Despite the promising pace existing-home sales began 2017 with, February's numbers showed a slight decline, according to the National Association of Realtors.
Total existing-home sales fell to 5.48 million in February, a 3.7% drop compared to January's figures. Compared to February 2016, however, last month showed a 5.4% increase.
On a regional basis, only one area of the country saw an uptick in home sales compared to January. Southern sales increased 1.3% to a rate of 2.34 million. The Midwest, Northeast and West didn't fare so well.
In the Midwest, sales slid 7% to 1.2 million. Northeastern sales decreased 13.8% to just 690,000. And sales in the West fell 3.1% to 1.25 million.
One of the biggest factors keeping home sales back is a lack of affordable inventory. At the end of January, the country had 1.69 million existing homes, representing a 2.4% increase over December's, but a decrease of 7.1% compared to the end of January a year before. Total available inventory in February increased to 1.75 million - about a 3.8-month supply.
Given the high demand and low availability, home prices continue to increase. The median cost of an existing home in February was $228,400, marking a trend of year-over-year price increases that has been ongoing for five years. Compared to February 2016, home prices last month were 7.7% higher.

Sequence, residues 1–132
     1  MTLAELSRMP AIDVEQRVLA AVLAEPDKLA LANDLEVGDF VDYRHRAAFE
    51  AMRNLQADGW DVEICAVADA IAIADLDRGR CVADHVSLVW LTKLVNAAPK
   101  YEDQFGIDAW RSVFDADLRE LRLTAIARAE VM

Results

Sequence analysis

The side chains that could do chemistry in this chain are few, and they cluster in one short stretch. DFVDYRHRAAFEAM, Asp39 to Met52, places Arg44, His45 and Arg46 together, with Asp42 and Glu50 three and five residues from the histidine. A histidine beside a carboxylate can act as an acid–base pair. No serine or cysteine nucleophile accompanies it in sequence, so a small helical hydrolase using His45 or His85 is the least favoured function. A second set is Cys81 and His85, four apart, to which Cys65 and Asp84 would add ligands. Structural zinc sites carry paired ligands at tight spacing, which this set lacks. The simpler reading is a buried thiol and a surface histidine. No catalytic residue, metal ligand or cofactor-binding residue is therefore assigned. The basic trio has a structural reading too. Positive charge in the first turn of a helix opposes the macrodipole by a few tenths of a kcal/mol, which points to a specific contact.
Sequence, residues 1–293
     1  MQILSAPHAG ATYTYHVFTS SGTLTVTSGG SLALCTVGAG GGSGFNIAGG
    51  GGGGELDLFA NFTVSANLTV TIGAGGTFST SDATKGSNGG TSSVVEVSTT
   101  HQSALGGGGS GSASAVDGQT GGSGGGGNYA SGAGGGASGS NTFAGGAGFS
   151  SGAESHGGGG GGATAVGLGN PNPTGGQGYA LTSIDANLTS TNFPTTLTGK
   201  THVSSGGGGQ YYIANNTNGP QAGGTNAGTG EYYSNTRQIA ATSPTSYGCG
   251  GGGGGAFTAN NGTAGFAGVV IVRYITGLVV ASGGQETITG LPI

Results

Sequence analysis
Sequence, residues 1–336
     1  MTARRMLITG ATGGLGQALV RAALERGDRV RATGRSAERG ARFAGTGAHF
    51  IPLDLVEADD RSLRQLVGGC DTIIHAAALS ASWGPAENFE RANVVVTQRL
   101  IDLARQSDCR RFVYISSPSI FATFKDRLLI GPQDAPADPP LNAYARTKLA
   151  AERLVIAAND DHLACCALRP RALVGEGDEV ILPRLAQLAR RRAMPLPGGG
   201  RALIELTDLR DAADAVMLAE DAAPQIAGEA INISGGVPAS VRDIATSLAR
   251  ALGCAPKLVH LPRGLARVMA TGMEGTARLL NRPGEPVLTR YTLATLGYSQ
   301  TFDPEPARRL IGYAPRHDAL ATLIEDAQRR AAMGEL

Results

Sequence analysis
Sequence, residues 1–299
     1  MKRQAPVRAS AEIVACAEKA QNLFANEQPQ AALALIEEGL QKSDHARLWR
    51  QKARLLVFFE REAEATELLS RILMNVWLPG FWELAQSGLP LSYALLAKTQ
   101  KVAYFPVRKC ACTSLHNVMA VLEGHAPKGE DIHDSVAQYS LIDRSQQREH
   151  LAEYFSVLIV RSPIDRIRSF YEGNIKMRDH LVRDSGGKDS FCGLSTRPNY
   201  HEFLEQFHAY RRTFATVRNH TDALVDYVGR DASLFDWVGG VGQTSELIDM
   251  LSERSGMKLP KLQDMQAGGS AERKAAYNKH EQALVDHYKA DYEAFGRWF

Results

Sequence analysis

"Homebuyers need to get prepared early for their home purchase."
Between lack of available housing, high demand and rising prices, now is an ideal time to put a home up for sale. The warmest months of the year are just around the corner, and more people will begin house hunting. With market factors favoring the seller, it's important that buyers get prepared early for their home purchase.
"Seek a preapproval from a lender, know what your budget is and begin discussions with a Realtor® early on about your housing wants and needs," implored William E. Brown, NAR's president and a California-based realtor, according to NAR. "Homes in many areas are selling faster than they were last spring. A buyer's idea of a dream home in a popular neighborhood is probably the same as many others. That's why they'll likely have to decide quickly if they see something they like and can afford."
As summer approaches, prospective homebuyers should prepare for a purchase. First, look in neighborhoods and cities in which you'd like to live. Get a good idea of how much homes cost there and how far of a commute you'd need to take to work, school and the grocery store. Find out what types of homes and amenities are nearby, and check the quality of the school district.
Once you've begun your research, take a close and honest look at your finances. Calculate how much you can realistically pay upfront. This will determine how much you can afford and will factor into what sort of residential mortgage you qualify for.
Speak to your mortgage lender for more information about the loan products you are eligible for. You may opt for an FHA loan or VA loan if it's available to you to reduce costs.
Academy Mortgage is one of the top independent purchase lenders in the country as ranked in the 2015 CoreLogic Marketrac Report. Visit www.academymortgage.com to find a loan, get a rate, or calculate your payment today.